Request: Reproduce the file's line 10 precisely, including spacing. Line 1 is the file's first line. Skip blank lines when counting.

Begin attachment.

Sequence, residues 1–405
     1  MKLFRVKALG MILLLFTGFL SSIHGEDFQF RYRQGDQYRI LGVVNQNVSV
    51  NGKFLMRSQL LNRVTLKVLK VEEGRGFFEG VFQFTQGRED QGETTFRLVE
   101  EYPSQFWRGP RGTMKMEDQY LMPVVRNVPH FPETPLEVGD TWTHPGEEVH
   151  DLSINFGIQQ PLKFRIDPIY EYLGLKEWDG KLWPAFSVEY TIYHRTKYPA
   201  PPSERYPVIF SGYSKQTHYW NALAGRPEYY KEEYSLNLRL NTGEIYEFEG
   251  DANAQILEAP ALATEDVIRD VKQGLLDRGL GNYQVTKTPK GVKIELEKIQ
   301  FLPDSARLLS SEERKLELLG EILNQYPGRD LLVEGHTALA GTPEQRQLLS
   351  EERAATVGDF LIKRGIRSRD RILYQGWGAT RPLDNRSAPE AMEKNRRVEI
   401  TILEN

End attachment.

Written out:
   401  TILEN